An unnamed Sergeant of the 1st Beds Regt wrote: "We were in the trenches all Christmas week and the weather was awful. On Christmas Day we had a lot of firing over us, and shells too. All at once it ceased, and I looked up and saw the Germans on top of their trenches shouting to us, and asking us to meet them. All our brigade went and we were talking to them about two hours.
"They asked us not to fire that day, and said they would not. No firing was done until next day, and then we were fighting for all we were worth."
Writing to his brother at Shefford, Pte F. Tyson, 2nd Beds Regt, wrote: "We got on very nicely with the Germans at Christmas time. We agreed to stop firing until after Christmas, and I went across to their trenches and shook hands with them. They gave me a cigar and I gave them a packet of cigarettes. We wished one another a Merry Christmas and a Happy New Year, but we shall soon be killing each other again."
Sgt A. Cook, of the 1st Bedfordshires, writing to Mrs Woodcroft, of 73 Ivy Road, Luton, said: "We spent Christmas in the trenches, but luckily there was no fighting near us and we exchanged greetings with the Germans. We rendered carols to them, and they to us, and we went to meet them between the trenches on Christmas morning, so even our greatest enemies were friends on that day."
A Barton mother received a letter from her son David Simpkins, serving at the front with the Bedfordshire Regiment, in which he wrote: "On Christmas Eve night the rifle fire was very quiet and the enemy were singing and shouting. They wished us a Happy Christmas and we returning it, wishing them the same.
"Next morning (Christmas Day) we were meeting them halfway between our trenches and their trenches, shaking hands. They gave us cigars and we gave them some of our fags. They seemed very young chaps some of them, and got a bit friendly with us, so we all enjoyed ourselves. We went and got wood and logs and had some very nice bonfires in the trenches, they and us too.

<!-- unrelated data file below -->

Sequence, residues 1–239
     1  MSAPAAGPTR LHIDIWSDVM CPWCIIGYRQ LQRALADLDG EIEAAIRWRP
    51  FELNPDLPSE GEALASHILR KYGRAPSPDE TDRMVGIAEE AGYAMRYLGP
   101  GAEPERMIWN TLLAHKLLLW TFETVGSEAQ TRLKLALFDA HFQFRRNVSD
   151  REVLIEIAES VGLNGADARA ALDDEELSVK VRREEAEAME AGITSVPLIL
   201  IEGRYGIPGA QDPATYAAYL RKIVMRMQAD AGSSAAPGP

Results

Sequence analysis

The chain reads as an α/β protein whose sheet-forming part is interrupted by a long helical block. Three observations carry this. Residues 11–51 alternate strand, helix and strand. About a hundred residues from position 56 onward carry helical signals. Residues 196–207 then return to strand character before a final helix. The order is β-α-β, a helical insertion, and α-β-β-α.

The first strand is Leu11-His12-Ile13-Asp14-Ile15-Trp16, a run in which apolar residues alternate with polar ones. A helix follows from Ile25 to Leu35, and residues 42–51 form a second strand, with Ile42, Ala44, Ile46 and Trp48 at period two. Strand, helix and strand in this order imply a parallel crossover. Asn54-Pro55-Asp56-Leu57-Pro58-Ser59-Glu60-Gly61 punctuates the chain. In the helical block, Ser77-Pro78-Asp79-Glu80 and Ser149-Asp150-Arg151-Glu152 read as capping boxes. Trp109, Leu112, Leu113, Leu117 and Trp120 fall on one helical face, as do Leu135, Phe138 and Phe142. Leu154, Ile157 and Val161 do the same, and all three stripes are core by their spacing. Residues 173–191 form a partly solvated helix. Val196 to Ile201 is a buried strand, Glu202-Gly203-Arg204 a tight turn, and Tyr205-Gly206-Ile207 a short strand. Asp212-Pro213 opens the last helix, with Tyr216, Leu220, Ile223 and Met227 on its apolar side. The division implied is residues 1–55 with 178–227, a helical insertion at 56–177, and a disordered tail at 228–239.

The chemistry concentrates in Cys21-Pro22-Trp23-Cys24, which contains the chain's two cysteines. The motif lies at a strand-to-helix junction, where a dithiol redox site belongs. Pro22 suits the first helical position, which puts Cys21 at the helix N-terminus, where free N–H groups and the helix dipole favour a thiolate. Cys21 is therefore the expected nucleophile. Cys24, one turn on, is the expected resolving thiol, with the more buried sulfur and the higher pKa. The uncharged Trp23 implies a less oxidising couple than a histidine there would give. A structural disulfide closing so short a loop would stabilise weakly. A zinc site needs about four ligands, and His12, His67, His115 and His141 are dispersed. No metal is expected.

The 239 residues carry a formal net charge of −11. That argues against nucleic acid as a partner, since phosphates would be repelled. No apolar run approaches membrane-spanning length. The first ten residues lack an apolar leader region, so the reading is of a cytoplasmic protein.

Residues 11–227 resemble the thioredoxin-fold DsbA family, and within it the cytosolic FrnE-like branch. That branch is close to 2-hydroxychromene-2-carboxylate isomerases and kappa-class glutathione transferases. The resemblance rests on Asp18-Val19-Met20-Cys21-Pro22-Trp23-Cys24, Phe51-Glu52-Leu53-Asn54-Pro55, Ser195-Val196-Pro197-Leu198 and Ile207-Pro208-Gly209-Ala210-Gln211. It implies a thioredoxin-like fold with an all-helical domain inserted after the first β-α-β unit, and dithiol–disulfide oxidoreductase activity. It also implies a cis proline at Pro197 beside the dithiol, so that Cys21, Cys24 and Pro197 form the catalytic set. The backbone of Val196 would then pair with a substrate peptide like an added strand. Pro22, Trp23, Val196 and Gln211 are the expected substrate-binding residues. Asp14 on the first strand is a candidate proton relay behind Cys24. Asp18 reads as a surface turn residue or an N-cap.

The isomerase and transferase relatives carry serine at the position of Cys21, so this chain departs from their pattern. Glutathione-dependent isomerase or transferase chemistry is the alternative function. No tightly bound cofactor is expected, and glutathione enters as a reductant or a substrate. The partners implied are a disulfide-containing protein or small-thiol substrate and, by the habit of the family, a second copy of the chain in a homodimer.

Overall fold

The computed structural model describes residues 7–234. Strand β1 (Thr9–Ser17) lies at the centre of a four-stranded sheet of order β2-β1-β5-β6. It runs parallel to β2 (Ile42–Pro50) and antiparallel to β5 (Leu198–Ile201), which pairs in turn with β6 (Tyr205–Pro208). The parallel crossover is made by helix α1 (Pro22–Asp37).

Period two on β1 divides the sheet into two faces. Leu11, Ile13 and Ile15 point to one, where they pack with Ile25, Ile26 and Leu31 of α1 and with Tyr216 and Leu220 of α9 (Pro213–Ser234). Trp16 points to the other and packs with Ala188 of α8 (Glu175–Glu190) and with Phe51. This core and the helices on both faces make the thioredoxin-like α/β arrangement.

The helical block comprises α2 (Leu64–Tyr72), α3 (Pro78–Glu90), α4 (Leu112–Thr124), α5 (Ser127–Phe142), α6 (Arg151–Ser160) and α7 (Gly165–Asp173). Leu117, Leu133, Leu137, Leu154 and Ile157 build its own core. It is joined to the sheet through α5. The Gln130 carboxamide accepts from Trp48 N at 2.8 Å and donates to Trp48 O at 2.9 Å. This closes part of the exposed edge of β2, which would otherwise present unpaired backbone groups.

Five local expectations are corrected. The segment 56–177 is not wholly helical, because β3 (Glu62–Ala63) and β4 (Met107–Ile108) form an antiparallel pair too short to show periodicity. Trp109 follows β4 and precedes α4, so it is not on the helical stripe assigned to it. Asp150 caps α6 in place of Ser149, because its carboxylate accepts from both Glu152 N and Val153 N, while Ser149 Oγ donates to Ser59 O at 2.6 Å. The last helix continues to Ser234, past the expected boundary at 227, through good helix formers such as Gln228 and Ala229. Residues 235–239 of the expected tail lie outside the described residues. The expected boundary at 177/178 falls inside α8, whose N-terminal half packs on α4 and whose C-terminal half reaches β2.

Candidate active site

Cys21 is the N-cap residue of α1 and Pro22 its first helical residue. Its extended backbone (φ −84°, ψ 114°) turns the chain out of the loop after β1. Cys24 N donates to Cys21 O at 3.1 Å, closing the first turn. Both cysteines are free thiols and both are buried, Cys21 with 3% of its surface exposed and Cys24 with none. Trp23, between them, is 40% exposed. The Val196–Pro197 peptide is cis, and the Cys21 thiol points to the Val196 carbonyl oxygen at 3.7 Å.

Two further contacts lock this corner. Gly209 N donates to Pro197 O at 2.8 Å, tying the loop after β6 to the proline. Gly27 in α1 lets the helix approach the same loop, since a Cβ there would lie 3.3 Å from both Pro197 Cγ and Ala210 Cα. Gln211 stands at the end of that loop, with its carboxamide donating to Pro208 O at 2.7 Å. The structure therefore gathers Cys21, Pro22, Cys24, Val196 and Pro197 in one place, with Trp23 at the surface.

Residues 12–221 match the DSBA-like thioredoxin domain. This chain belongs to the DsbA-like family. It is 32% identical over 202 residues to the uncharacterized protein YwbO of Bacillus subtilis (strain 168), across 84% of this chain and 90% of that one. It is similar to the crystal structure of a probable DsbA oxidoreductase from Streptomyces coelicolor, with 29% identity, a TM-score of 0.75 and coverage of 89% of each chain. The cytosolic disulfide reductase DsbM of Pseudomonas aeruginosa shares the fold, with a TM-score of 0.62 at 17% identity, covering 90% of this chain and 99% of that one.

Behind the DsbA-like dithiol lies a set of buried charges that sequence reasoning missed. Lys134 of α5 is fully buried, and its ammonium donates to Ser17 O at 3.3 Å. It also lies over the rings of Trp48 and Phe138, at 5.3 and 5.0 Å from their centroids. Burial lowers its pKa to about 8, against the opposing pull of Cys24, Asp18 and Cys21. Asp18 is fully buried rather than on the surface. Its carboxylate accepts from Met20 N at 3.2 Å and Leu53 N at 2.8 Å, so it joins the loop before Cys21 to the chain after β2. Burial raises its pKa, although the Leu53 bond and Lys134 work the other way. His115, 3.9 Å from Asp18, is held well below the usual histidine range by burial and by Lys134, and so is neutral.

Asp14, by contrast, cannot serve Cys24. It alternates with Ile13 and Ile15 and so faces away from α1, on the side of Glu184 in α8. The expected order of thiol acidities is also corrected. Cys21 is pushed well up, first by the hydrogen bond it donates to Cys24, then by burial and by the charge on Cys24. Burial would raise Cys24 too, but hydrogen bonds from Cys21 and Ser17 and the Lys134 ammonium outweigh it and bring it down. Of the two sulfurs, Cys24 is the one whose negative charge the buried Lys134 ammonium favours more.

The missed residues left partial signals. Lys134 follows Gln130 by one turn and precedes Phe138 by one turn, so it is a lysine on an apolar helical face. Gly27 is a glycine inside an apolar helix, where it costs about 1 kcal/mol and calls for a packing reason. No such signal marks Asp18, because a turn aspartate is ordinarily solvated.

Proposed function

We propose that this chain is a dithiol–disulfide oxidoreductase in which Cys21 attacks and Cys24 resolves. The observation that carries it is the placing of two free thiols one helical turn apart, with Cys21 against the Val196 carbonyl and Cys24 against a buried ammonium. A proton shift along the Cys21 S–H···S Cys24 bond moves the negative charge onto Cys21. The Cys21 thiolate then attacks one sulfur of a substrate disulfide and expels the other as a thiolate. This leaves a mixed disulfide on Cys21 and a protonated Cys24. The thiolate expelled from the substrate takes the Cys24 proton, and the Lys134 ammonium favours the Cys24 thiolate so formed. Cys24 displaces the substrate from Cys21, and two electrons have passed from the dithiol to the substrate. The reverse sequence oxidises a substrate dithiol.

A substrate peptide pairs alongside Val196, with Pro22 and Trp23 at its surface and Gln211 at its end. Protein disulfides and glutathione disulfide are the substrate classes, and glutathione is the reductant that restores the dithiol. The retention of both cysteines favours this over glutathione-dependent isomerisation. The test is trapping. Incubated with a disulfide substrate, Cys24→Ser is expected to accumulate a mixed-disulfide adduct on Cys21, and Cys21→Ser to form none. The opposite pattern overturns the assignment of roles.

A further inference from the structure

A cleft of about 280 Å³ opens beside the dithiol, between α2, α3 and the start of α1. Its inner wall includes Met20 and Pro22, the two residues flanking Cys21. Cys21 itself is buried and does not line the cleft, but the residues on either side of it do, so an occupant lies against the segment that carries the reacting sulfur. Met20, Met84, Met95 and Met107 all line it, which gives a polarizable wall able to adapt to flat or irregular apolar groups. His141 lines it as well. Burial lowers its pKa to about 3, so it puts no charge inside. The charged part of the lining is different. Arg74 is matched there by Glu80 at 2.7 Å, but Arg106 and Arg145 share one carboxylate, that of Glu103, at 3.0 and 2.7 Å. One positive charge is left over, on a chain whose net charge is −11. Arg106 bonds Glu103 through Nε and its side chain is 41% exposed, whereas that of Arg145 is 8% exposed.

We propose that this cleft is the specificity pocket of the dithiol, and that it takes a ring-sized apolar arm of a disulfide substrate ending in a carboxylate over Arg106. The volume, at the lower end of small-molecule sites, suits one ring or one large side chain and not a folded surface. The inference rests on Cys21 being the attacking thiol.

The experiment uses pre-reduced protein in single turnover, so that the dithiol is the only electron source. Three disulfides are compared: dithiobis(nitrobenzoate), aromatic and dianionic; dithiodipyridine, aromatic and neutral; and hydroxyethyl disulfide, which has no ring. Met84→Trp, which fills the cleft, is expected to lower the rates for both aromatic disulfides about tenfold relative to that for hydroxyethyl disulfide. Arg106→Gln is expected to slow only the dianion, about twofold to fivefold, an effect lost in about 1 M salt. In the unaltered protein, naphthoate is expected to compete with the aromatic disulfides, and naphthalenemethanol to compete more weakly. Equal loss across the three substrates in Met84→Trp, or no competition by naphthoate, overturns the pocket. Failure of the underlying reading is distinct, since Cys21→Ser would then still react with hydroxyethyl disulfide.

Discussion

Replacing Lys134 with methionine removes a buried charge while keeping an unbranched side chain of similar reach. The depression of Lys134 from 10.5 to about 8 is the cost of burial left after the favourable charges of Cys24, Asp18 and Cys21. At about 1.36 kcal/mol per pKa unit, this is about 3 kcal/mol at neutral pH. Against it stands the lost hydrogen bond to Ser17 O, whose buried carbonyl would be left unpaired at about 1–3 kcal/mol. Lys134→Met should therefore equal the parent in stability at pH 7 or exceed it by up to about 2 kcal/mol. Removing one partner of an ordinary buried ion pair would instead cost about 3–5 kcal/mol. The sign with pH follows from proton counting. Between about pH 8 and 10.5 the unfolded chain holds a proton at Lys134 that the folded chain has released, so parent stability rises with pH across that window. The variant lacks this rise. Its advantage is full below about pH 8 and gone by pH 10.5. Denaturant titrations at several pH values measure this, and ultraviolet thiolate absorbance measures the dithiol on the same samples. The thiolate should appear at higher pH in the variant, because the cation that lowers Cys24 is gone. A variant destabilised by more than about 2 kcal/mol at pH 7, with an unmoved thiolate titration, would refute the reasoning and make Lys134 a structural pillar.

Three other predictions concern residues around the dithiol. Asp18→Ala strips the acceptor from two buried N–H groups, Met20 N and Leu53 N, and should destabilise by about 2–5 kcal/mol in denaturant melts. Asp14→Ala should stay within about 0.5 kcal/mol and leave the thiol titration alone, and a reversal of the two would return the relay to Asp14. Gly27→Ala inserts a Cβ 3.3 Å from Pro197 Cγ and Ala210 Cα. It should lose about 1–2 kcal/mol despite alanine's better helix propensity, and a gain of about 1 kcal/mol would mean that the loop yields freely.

"There was not a shot fired for 58 hours, so you can tell we had a very good Christmas here."
Pte W. W. Hawes, of 171 Dallow Road, Luton, was in the trenches at La Bassee on Christmas Eve, when he saw the Prince of Wales go into the trenches with men of his own regiment.
"Our nearest point to the Germans was 15 yards," said Pte Hawes. "We spent Christmas Day in the trenches. It was typical winter weather, a hard frost prevailing. Early in the morning we heard the Germans singing carols and playing musical instruments, and generally making merry. There was little firing that morning. The communication trenches were filled with water, but in spite of that we managed to keep quite merry."
A brief mention too by Pte Harold H. Saunders, 10280, A Company, 1st Battalion, Bedfordshire Regiment. In a letter to his parents at 21 Boyle Street, Luton, he wrote: "What do you think happened today! Our chaps have been and shaken hands with the Germans, and they gave us a song. As their trenches are only a little distance away we can hear them."
[The Luton News, December 31st, 1914, January 7th and 14th, 1915, and Beds & Herts Saturday Telegraph, January 9th and 23rd, 1915]